Healthy Reads

What Keeps You Up At Night and How to Fix It

Posted by Robert Cross, M.D. on Mar 9, 2016

If you feel tired throughout the day it’s possible that you aren’t getting enough sleep or, more importantly, enough of the right kind of sleep. Not only does inadequate sleep leave you exhausted but it also affects your overall mood, productivity and health.

So, how can you tell if you’re getting enough sleep?

Here’s what you need to know about the importance of sleep quality, as well as several ideas for how to improve it quickly.

FREE EBOOK DOWNLOAD: LEARN STEPS TO ACTUALLY SLEEP BETTER AT NIGHT.

The Right Kind of Sleep Is Essential

what-keeps-you-up-at-night-and-how-can-you-fix-it.jpgSleep affects your body and your mind in many ways. From your alertness, immune system and disease response, to your ability to learn and to respond to stress, many indicators of health that we take for granted are actually heavily regulated by the amount of sleep we get on a regular basis.

However, not all sleep is equal.

In order for sleep to have a truly positive impact on your body, you must access the deeper stages of sleep. Deeper sleep stages are restorative to normal brain function and they keep your immune system running at maximum efficiency.

Not sure if you have a sleep problem? Consider your answer to the following questions: 

  • Do you feel tired immediately/shortly after waking up?
  • Do you feel like/actually fall asleep at your desk or at traffic lights?
  • Do you feel that you need a lot of caffeine to help fuel your body throughout the day?
  • Are you irritable?
  • Do you find it difficult to focus on your work?

If you answered yes to any of these questions it’s likely that you aren’t experiencing the best sleep quality. This is a good indication that you could benefit from changing your lifestyle to make your sleep more productive.

Why You're Not Getting Enough Sleep

Here are some factors that may be keeping you from getting quality sleep, and what you can do to work around them.

Stress

The most common cause of sleep problems is stress, usually created by work and family obligations. To better manage your stress levels, incorporate exercise into your schedule. However, be sure your exercise is complete at least two hours before bedtime to give your body a chance to unwind before sleep. To help you better relax, spend time in quiet meditation and allow yourself to say “No” to work demands that threaten to disrupt your allocated sleep time.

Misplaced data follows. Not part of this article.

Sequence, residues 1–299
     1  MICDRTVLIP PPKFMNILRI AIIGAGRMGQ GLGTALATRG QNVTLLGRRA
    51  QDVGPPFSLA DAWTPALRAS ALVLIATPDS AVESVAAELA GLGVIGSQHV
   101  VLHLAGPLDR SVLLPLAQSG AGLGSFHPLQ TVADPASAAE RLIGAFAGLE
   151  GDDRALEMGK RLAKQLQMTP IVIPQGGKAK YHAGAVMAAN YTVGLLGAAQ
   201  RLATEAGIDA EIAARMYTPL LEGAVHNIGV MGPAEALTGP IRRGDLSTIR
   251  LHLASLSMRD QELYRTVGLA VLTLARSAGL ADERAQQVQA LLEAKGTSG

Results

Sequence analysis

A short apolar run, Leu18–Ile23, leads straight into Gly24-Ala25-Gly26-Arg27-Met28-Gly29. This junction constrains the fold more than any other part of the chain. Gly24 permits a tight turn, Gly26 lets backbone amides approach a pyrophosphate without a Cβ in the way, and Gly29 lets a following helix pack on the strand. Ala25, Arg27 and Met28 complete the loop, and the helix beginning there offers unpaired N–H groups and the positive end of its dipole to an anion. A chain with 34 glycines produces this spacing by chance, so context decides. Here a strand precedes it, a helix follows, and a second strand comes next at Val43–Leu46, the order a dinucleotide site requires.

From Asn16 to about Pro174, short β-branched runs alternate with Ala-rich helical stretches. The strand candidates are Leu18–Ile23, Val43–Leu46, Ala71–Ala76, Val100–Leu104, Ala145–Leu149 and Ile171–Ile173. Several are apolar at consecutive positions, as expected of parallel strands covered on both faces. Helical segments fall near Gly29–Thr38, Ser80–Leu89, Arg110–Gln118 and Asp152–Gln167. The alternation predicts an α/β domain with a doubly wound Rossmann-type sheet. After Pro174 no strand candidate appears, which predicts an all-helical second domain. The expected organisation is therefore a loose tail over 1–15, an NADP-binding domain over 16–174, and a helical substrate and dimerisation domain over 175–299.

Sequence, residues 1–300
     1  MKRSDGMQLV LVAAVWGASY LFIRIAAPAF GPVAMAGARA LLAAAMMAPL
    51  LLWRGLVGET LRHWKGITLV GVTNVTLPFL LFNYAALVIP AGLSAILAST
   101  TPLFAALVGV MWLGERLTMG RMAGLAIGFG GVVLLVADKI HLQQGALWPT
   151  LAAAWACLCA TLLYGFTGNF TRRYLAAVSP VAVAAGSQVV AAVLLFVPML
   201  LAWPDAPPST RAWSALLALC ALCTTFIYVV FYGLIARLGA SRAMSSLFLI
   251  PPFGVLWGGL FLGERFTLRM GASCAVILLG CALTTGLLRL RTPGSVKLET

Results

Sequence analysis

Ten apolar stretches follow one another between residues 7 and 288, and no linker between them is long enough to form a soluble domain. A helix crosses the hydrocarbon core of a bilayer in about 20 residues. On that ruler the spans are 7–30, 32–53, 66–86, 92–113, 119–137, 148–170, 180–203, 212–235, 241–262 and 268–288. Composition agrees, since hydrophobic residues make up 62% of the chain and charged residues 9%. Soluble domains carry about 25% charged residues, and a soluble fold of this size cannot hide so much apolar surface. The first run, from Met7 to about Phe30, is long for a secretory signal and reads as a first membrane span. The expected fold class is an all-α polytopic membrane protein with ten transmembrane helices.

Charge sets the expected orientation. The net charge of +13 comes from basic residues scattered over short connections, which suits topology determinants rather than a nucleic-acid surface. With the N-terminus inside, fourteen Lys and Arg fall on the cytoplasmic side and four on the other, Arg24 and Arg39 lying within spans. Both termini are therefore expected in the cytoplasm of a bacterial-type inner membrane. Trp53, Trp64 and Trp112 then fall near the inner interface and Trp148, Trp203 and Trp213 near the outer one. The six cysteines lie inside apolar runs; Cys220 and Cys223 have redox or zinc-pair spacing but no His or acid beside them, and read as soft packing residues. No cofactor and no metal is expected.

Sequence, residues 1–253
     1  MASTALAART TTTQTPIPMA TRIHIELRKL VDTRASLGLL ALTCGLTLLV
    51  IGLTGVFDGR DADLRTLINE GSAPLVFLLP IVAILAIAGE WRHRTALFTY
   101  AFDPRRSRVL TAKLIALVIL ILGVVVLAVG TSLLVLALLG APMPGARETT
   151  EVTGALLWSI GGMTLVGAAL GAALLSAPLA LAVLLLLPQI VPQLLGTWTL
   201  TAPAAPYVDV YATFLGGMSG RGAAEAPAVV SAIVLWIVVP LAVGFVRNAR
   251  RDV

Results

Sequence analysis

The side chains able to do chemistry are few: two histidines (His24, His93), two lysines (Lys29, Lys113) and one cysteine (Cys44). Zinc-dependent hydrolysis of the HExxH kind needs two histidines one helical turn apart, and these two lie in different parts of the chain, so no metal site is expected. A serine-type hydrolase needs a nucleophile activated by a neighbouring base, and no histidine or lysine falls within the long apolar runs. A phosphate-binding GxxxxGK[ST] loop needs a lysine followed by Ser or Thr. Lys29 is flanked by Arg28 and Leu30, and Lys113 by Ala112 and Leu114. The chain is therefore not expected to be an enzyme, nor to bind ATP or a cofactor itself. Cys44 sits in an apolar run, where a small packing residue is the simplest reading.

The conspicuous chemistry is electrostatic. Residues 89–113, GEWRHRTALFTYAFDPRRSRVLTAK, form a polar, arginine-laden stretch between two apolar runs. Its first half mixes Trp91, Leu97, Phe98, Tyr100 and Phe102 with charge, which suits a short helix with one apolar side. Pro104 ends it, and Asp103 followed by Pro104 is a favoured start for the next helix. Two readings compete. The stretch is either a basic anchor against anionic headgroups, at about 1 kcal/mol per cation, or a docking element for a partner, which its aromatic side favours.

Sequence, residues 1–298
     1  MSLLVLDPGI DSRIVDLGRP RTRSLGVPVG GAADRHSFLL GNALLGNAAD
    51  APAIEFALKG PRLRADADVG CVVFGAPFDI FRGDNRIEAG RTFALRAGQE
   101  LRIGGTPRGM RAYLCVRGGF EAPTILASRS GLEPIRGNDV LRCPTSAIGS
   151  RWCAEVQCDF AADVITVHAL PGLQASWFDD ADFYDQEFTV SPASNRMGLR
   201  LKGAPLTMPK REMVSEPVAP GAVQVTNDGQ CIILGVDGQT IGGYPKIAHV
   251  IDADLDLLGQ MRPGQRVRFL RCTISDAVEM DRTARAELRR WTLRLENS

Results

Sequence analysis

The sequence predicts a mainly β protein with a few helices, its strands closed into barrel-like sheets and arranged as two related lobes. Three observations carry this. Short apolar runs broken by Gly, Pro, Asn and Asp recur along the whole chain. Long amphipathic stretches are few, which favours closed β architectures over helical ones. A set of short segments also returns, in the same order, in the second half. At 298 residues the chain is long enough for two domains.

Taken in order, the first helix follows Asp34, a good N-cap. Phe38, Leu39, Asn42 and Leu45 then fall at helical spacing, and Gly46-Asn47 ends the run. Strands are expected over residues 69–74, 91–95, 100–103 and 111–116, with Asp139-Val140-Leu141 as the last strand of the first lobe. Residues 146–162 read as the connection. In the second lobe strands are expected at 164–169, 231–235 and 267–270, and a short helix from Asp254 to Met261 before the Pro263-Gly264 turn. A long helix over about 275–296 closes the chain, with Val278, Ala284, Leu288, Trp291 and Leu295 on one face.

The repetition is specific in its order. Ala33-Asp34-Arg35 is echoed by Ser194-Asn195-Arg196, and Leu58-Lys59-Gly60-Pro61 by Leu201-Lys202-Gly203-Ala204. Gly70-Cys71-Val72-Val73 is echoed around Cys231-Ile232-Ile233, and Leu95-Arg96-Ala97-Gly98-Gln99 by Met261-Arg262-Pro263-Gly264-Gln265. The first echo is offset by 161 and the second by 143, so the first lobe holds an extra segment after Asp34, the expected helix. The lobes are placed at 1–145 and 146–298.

Gastrointestinal Problems

Chronically busy people tend to eat unhealthy foods and commonly eat too late into the evening. For instance, consuming liquids too late at night (especially beer), or drinking excessive amounts of caffeine throughout the day can cause reflux symptoms, which will negatively affect sleep. In order to alleviate some of your gastrointestinal (GI) problems, don’t eat late at night, avoid caffeine consumption during the afternoon, drink alcohol in moderation and look into healthy ways of losing weight. If you are experiencing GI problems, talk with your physician about your symptoms to make sure there’s nothing more serious going on than a lack of sleep.

Use of Electronics

The use of electronics such as TVs, tablets and (especially) smartphones can have a seriously negative impact on your sleep, as studies show that the type of light emitted by these devices can affect a person’s sleep schedule. The solution is to unplug and relax before sleep, turning off your devices 30 minutes before bed. It’s also a great idea to remove these devices—even the TV—from the bedroom to create an atmosphere that will provide you with stress relief.

Sleep Disorders

If you try out a few of these modifications and see no changes to your quality of sleep, your sleep troubles may be caused by more than your lifestyle behaviors. It’s possible that you have sleep apnea, restless leg syndrome or chronic nightmares. If so, these issues are best addressed by a physician. You might benefit from a sleep study session to better determine what’s going on with your sleep. It may turn out that you require medication or a CPAP machine to get you to a point where you can experience deep, restorative sleep.

Is getting enough sleep something you can shrug off as a trivial problem? Definitely not. In fact, doing so can have negative effects to your overall health. It can be hard work to change your lifestyle but it’s worth it. Experiencing deep, restorative sleep can help you to be more alert, capable and functional in your daily tasks. 

So now you know what keeps you up at night, it's time to make some changes to improve your health.

To learn how to actually sleep better at night and to improve your overall health and wellness, download our free eBook: 

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Topics: Lifestyle & Wellness


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